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Hate crime

What is hate crime?

Racist hate crime

Racist hate crime relates to ‘any incident which is perceived to be racist by the victim or any other person’ (Macpherson Report 19992). ‘Racist’ does not simply relate to colour, it may also relates to race, nationality, or to ethnic or national origins.

Homophobic crime and transphobic hate crime

Homophobic and transphobic hate crime relates to hostility and prejudice towards:

  • lesbians, gay men, people who are bisexual;
  • a person who is transgender or perceived to be transgender; or
  • people who are perceived to be in one of these groups.

Disability hate crime

Disability hate crime relates to hostility and prejudice towards disabled people or people perceived to be disabled. The Equality Act 2010 says that a disability is a physical or mental impairment, which has a substantial and long-term adverse effect on your ability to carry out normal day to day activities

Other groups who may be victims of hate crime

  • Those from different faith groups (such as anti Muslim incidents by non Muslims)
  • Groups within faiths (sectarianism, for example based on previous hostility between Protestant and Catholics in Northern Ireland);
  • Asylum seekers and refugees;
  • Romany peoples and travellers;
  • Vulnerable people who may be targetted by hate crimes because of age or frailty.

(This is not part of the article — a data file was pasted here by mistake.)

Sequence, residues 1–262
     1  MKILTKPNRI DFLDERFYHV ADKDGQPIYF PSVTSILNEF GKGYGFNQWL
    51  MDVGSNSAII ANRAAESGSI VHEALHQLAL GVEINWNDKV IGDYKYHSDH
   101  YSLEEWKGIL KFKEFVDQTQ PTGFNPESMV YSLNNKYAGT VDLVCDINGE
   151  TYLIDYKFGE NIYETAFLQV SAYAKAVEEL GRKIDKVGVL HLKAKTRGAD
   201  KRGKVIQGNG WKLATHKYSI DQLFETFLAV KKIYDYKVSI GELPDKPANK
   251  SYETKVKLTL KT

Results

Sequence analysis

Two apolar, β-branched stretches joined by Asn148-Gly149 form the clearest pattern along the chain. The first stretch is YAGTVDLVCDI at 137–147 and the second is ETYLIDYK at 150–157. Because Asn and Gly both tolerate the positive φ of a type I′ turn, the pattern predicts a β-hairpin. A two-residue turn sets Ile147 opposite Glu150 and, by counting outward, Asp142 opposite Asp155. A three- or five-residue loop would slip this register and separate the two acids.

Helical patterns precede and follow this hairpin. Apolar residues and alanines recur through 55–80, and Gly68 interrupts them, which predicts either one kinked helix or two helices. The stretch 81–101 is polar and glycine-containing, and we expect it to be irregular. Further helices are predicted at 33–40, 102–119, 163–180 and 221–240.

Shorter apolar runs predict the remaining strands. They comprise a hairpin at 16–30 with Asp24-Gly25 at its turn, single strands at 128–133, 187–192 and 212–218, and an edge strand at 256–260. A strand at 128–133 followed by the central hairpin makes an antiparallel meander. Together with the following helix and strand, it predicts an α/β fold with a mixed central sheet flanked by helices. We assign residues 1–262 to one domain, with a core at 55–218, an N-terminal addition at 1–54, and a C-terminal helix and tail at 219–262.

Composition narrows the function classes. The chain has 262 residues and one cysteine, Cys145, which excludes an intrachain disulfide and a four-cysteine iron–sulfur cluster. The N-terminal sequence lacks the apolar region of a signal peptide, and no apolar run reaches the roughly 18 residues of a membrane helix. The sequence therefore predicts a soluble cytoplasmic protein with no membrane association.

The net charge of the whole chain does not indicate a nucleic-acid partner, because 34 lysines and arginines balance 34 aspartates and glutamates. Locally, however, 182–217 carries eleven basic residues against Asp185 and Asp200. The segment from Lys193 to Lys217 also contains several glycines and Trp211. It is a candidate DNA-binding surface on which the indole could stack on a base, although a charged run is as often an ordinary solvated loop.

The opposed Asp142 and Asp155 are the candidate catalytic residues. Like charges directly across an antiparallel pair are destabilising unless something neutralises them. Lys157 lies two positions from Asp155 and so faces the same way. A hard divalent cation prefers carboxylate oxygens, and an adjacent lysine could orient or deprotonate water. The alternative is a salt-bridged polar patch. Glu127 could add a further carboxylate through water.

This list is not exhaustive. 

 Types of hate crime

Hate crime can involve acts including:

  • physical attacks on people and property;
  • intimidation and torment;
  • graffiti;
  • arson or attempted arson;
  • offensive comments;
  • abusive or threatening behaviour such as in language, letters and phone calls;
  • deliberate and targeted acts intended to deter residents from peacefully living in their home or to force them to move away; or
  • online/cyber hate crime via sevrices such as social media.

 This list is not exhaustive. 

What should I do if I am a victim of hate crime or witness a hate crime?

If you are at immediate risk of harm, or you can see that someone else is, contact the police using the 999 number. You can also report information to the police using their non-emergency 101 or contact your local neighbourhood policing team.

Whether you are a victim or a witness, you can report harassment through any of the contact options below. We can and will help you.

How we treat a report of hate crime

We operate a zero-tolerance policy with regards to hate crime incidents – we will not tolerate such incidents under any circumstances. 

We will:

  • always take your complaint seriously;
  • not talk to anyone about what you’ve said without you agreeing to it;
  • act quickly to deal with the situation, for example to remove offensive graffiti and carry out repairs needed as a result of the incident as a matter of urgency;
  • be honest with you about the possible outcome of the case;
  • put you in contact with the best people to help you;
  • support you to contact the police;